Channel 10 program reenacts Schalit abduction

The one-hour documentary, When They Took Gilad, will air Thursday at 9 p.m. within Amnon Levy’s “Panim Amitiot” program.

By JOSHUA HAMERMAN
May 19, 2011 06:00
3 minute read.
Gilad Schalit

Gilad Schalit 311. (photo credit: Courtesy)

 
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The day before Cpl. Gilad Schalit was kidnapped, the IDF arrested a Hamas member in the Gaza Strip and transferred him to the Shin Bet (Israel Security Agency) for questioning.

Unbeknownst to the authorities, the prisoner was a member of a unit formed by Hamas to carry out an operation to kidnap an IDF soldier. Hamas decided to bring its plan forward upon learning of the arrest.

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According to Shin Bet interrogation transcripts included in a Channel 10 program about the events surrounding Schalit’s abduction, the prisoner did not tell interrogators what he knew until a few hours after Schalit was taken.

The one-hour documentary, When They Took Gilad, will air Thursday at 9 p.m. within Amnon Levy’s “Panim Amitiot” program.

Itay Dankner, executive producer of the show, said the documentary, which required six months of research, shows a minute-by-minute breakdown of what occurred near Kerem Shalom in the early hours of June 25, 2006.

“People tend to forget that there was also a big battle there,” Dankner said. “The terrorists were divided into three units – one attacked Gilad’s tank, another attacked an armored vehicle that was unmanned, thank God, and another attacked a watch tower where there were three soldiers.”

It only took eight minutes to capture Schalit. The first shots were fired at 5:13 a.m., and by 5:21 a.m., Schalit and his two kidnappers were crossing the border into Gaza.



Dankner and his colleagues interviewed many who were connected to the events of that day, including Schalit’s parents and soldiers who served with him.

Sliman A-Shafi, a former Gaza correspondent for Channel 2, interviewed Hamas members for the program.

“We interviewed everyone from the low-ranked soldier to the highest-ranked general who was in charge of investigating the incident [Maj.-Gen. (res.) Giora Eiland, former head of the National Security Council].”

The Channel 10 team also filmed the area where the battle took place, and produced reenactments with actors. The IDF censor approved the final version of the documentary on Wednesday afternoon.

“Even though we are bringing to the screen very delicate material that was top-secret, they allowed everything, even the harshest criticisms, to be told,” Dankner said.

The documentary recounts that an IDF jeep arrived at Schalit’s tank at 5:27 a.m. The soldiers in the jeep knew there were four soldiers in the tank, and saw the bodies of Lt.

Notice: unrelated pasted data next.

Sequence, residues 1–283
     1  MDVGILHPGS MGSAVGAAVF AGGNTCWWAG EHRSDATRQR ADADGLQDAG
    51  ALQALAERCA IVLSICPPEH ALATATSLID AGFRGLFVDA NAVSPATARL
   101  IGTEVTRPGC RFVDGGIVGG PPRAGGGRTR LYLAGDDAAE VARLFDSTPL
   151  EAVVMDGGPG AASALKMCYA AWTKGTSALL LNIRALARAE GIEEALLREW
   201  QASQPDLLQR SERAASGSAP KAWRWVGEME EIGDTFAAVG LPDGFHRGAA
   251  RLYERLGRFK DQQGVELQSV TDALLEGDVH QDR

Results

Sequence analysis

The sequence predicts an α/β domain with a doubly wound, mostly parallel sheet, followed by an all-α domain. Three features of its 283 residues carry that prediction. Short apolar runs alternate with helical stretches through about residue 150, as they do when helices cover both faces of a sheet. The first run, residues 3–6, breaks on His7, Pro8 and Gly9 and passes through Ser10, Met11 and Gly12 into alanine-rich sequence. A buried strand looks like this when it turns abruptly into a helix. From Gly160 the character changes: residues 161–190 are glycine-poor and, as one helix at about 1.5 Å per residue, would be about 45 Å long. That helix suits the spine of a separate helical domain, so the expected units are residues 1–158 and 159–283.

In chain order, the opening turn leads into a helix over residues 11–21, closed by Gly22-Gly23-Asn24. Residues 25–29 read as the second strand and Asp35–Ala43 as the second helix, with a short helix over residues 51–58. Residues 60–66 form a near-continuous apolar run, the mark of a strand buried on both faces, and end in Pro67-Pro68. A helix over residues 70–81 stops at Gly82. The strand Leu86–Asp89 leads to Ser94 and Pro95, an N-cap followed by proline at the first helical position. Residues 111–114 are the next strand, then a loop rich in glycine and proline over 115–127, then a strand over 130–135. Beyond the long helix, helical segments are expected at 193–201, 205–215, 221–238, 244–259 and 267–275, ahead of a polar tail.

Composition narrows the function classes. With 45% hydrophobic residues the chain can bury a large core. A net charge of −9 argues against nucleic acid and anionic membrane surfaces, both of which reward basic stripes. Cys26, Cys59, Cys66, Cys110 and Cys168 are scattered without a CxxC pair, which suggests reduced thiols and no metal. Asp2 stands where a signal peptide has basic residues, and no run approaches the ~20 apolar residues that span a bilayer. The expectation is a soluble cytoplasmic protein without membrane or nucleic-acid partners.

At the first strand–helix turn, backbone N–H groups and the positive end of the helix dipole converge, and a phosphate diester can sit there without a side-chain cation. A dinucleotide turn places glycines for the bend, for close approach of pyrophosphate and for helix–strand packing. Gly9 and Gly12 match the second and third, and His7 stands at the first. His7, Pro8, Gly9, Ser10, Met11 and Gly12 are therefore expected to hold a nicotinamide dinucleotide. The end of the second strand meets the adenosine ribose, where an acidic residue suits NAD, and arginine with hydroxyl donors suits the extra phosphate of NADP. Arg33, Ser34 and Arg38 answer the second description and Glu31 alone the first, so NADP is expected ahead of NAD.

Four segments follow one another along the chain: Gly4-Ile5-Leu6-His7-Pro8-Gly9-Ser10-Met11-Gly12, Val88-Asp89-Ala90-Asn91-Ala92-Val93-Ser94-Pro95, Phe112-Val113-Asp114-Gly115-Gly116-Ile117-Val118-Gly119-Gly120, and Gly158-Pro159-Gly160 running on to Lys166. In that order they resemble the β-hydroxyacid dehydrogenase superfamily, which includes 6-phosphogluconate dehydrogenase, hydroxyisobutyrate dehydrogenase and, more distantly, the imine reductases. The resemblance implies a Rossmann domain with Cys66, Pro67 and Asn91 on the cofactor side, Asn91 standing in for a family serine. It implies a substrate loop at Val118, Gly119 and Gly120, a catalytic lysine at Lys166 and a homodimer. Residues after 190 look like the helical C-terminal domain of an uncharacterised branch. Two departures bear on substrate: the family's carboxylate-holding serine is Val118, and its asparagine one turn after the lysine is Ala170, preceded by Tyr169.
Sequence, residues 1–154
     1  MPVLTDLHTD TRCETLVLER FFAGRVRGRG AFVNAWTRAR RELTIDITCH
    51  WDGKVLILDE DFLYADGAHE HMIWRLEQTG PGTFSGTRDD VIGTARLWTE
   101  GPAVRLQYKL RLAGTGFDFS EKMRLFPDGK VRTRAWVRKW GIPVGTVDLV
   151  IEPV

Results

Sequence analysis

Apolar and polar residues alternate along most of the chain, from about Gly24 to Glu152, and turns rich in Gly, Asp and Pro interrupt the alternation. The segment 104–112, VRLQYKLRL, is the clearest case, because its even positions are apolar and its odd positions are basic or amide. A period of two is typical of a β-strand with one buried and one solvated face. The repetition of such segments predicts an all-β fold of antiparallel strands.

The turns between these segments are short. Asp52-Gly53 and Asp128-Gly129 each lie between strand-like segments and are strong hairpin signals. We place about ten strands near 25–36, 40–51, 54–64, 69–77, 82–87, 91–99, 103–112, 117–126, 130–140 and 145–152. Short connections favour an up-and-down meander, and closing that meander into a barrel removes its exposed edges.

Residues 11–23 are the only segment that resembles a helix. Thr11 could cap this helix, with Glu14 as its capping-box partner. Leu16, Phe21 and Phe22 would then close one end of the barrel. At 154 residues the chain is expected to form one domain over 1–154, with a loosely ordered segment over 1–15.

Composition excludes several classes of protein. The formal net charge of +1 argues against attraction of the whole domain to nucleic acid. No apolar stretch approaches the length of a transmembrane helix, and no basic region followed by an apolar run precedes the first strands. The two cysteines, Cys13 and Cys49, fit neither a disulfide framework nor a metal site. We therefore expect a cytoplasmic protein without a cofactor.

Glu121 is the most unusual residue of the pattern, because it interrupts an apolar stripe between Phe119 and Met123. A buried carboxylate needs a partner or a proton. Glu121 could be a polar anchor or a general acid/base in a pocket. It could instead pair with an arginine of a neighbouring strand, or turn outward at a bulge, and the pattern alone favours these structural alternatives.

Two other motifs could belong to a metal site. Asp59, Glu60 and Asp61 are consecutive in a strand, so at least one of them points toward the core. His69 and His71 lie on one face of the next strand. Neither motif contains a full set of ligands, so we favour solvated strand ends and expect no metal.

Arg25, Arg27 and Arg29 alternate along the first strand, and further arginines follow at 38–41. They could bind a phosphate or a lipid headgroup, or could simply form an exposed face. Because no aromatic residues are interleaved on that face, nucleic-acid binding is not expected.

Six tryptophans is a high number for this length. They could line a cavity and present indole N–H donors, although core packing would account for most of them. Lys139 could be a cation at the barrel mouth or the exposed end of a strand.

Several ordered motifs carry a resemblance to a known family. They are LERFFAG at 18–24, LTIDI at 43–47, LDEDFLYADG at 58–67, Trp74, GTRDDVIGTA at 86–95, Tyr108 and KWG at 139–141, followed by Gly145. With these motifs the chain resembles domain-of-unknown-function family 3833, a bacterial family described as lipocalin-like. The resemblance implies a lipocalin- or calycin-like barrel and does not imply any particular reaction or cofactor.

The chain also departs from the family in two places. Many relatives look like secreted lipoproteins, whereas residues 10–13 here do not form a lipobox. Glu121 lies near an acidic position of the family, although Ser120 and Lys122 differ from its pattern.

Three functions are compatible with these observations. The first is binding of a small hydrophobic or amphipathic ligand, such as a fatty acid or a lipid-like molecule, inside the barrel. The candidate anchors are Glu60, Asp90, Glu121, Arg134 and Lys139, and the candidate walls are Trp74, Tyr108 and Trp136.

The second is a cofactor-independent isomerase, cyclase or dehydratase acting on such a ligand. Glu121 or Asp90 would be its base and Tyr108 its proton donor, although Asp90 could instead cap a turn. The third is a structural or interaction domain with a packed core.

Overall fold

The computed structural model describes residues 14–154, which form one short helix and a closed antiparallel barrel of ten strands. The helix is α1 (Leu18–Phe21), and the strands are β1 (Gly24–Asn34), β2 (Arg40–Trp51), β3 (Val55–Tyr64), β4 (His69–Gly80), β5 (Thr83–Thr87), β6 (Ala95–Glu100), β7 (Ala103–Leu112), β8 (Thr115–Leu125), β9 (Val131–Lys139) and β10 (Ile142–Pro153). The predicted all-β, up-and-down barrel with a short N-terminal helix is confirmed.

Hanan Barak and St.-Sgt. Pavel Slutsker outside of it. If they had looked inside the tank, they would have seen one wounded soldier, and noticed that Schalit was missing.

The soldiers did not check the tank’s interior because they suddenly saw that their comrades at the watch tower a few hundred meters away were under attack and rushed to assist them. As a result, nobody noticed that Schalit was missing until 6:41 a.m., according to the documentary.

The film also discusses how the IDF was operating under a misconception about how to defend the border with Gaza following disengagement. Schalit was kidnapped only 10 months after Israel withdrew from Gaza.

“This was a new border and they thought the danger was going to come from Gaza, so they were looking towards Gaza while the terrorists dug a tunnel and came out behind them, within Israel,” Dankner said.

The politically sensitive nature of an IDF mission inside Gaza so soon after disengagement meant that soldiers could not enter Gaza without approval from both the defense minister and IDF chief of staff, even if they knew that a soldier had been kidnapped, according to the documentary.

While interviewing Schalit’s parents, the Channel 10 team warned them that the program might be difficult for them to watch, especially since an actor resembling their son is featured in the reenactments.

“Noam Schalit said, ‘Of course it’s going to be hard – our day-to-day life is hard. I’m asking for one thing: Just let people know that [with regard to] all the mistakes that were made and all the tragic actions that could have been avoided, the only person who still pays for those mistakes is Gilad Schalit,’” Dankner said.

Shimshon Libman, a Schalit family spokesman, said Noam and Aviva Schalit will watch the program with relatives and friends via computer in their protest tent outside the Prime Minister’s Residence in Jerusalem.

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